These National Parks Are Actually at Their Best in the Winter

By Kastalia Medrano, and Andy Kryza

Summer will always be the most popular time to visit our national parks. For generations, families have flocked to our precious natural wonderlands to commune with nature…. and to crowd precarious walkways, overtake campsites, and transform serene naturescapes into theme parks. No knock on them: We’ve been those kids screaming on a shuttle in the Grand Canyon, and look forward to yelling at our own kids to get off their damn phones at Old Faithful. But sometimes you long to experience nature without the sound of crying children. And to do that often involves packing a really thick coat. 

Winter is a magical time for many of the parks. The trails clear. The campsites are less likely to be serenaded by a guitar-packing troubadour. Fire danger is down. And, unlike peak season, you’ll feel like you have it all to yourself. These are the parks that are at their absolute best in the winter.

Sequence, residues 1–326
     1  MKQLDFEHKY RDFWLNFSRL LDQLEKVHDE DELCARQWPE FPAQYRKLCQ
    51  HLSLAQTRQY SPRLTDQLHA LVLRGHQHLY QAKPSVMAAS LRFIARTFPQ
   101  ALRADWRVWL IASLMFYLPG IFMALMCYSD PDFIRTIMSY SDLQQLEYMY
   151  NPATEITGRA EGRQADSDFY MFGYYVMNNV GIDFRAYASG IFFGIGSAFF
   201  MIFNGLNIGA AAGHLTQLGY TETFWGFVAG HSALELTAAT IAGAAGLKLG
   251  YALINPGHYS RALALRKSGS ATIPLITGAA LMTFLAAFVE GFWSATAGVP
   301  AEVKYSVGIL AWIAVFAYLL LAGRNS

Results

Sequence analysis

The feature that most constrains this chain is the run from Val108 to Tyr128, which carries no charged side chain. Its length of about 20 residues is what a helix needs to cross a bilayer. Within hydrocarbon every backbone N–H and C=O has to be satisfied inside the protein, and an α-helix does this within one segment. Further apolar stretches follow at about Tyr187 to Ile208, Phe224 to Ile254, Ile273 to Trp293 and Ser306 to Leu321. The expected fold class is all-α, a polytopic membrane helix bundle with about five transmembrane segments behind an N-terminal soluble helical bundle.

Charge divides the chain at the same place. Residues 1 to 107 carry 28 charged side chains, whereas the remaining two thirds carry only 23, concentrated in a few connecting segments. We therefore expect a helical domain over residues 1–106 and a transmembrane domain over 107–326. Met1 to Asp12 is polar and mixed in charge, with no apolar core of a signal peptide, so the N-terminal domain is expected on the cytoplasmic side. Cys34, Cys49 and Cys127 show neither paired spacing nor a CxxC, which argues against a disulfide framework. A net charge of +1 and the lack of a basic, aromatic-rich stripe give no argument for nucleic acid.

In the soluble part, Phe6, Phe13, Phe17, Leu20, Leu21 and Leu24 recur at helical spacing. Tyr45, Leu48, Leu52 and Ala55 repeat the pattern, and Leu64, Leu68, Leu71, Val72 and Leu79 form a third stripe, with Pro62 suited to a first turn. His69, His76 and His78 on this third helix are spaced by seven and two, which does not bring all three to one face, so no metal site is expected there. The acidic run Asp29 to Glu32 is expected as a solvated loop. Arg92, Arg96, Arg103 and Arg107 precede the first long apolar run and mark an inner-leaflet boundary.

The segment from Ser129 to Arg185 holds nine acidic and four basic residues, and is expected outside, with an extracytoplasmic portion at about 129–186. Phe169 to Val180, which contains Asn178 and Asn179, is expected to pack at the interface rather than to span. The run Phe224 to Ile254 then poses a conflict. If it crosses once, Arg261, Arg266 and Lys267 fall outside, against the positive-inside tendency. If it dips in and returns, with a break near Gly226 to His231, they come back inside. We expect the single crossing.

zion
Zion National Park, Utah | VALENTIN WOLF/GETTY IMAGES

Zion National Park

Utah
In the summertime, Zion is basically Disneyland. It’s crowded. It’s hot. You’re standing in two-hour lines to be able to do the one thing you most want to do that day, and they’re often out of turkey legs. End this madness; go in the wintertime. Just 13% of Zion visitors journey to the park between November and March, and a wintertime desert is one of nature’s most glorious settings. Even better, once you’ve had your fill of the park and its legendary trails, you’ll be able to explore all the surrounding (and vastly overlooked) state parks unencumbered.

everglades
Everglades National Park, Florida | TROY HARRISON/MOMENT/GETTY IMAGES

Everglades National Park

Florida
Okay, so the Everglades didn’t make this list due to a reduction in crowds. Winter is actually peak season here. But that’s because it’s truly the loveliest time of year to visit. Temperatures are in the 60s and 70s, the suffocating bugs are thinned out and minimally predatory, and the lower water levels mean that it’s easier than ever to spot alligators and spoonbills and all manner of other critters gathered around watering holes. Check out some guided tours to make the most of your visit.

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